Exploring food and wine pairing with Stoneleigh Pinot Noir
The Stoneleigh vineyards are located in the village of Rapaura in the region of Marlborough which is situated towards the northeast tip of the South Island and is New Zealand’s largest wine-making region. If you do a little research about Stoneleigh Winery you quickly learn that it is all about the “stones”. The vineyards are studded with “sunstones” which take the light from the sun and reflect it upward toward the vines and the grapes. These stones are from an ancient riverbed that existed long ago where the vineyards are today. Marlborough is known for having a dry climate and for producing the white wine Sauvignon Blanc, but Chardonnay and Pinot Noir are steadily gaining ground. In the 1970′s it was Sauvignon Blanc from Marlborough that started convincing people around the world that New Zealand could produce wines of quality and intrigue. The combination of hot sunny days and cool nights is the friendly contrast of temperatures that lead some to argue that there is no Sauvignon Blanc anywhere in the world like that of Marlborough. Enough SB, let’s talk Pinot!
2010 Stoneleigh Pinot Noir Marlborough, New Zealand $13
Nose: Really fresh and bright red fruits, we’re talking cranberry, strawberry, red raspberry, and pomegranate. There’s a good amount of cinnamon on the nose and a little potpourri of dried rose petals and crushed violets. If that wasn’t enough there is a subtle, yet very distinct aroma of rubber tire.
Palate: First impressions on the palate begin with an explosion of sour red fruit and the acidity is medium-high. There are some smooth, chalky tannins that are quite lovely. The mid-palate is a bit hollow and the finish is a little thin and not quite as long as I would have liked.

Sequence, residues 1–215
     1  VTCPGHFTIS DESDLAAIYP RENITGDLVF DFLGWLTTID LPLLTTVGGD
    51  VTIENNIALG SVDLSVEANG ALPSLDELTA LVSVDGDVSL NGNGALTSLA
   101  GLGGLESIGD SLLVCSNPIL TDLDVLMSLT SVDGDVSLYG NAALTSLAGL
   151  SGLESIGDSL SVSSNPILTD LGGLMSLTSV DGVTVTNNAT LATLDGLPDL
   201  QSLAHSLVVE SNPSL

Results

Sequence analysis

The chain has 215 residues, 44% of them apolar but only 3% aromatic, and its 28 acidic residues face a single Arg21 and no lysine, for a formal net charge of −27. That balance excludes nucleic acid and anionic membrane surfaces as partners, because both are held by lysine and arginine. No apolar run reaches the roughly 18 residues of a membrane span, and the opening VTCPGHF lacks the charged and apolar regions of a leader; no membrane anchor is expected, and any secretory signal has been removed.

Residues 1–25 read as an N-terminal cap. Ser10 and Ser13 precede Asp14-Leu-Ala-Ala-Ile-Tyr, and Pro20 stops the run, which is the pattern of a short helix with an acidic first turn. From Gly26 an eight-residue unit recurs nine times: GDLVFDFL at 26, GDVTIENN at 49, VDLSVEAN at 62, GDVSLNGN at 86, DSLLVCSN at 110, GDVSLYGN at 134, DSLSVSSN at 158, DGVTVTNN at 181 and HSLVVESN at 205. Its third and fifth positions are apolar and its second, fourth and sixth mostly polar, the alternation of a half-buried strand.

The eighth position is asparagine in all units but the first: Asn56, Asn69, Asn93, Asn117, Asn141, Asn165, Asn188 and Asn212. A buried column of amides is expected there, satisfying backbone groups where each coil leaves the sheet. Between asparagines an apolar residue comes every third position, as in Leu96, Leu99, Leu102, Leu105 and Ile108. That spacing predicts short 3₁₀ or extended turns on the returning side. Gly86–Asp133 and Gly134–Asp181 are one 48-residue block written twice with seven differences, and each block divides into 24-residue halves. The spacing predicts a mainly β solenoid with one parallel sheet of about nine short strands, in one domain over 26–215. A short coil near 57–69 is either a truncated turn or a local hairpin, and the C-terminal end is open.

Overall Impression: I really liked the bouquet of aromas on this wine. Even though the mid-palate and the finish are a little weak there is some nice sour fruit red upfront. This Pinot is easy drinking and a pretty solid food wine. Fans of Bogle, Hahn, Cline, Castle Rock, and Parker Station should check this out for something different. This wine is ready to drink now or could be put away for the next 3-5 years.
The folks over at Nova Marketing were kind enough to send me a sample of the wine and I thought that rather than just critique it in the cold, sterile context that most wines are reviewed, let’s test drive this baby the way real people enjoy their wine – with food! So I decided to stop by one of my favorite restaurants, Napa Valley Grille, and see how the wine stacks up with some of their cuisine.
Little Gem Wedge Salad - This is one of my favorite salads of the year, so crisp and tasty! This wine really complimented the smokey bacon, rich blue cheese vinaigrette, and crispy sweet fried shallots in the salad. Definitely a successful pairing!
Fish Tacos – While I love the Fish Tacos at Napa Valley Grille, the sourness of the pickled onions and the sweet & spicy chipotle honey totally overpowered the wine. A crisp Riesling or an ice-cold lager would have been a better pairing.
Duck Confit Flatbread – This flatbread was a home run all on it’s own. Riding the razors edge of “flavor balance” the sautéed fennel, caramelized onions, salty duck confit, smoked mozzarella, and fresh asian pears all worked wonderfully together. In other words, the flavor dwarfs known as “salty”, “smokey”, “sweet”, “savory”, and “spicy” were somehow held in check. The wine stood up surprisingly well against all of this and believe it or not the sweetness of the pear did not overpower the wine as I would have suspected. This was the pairing of the evening.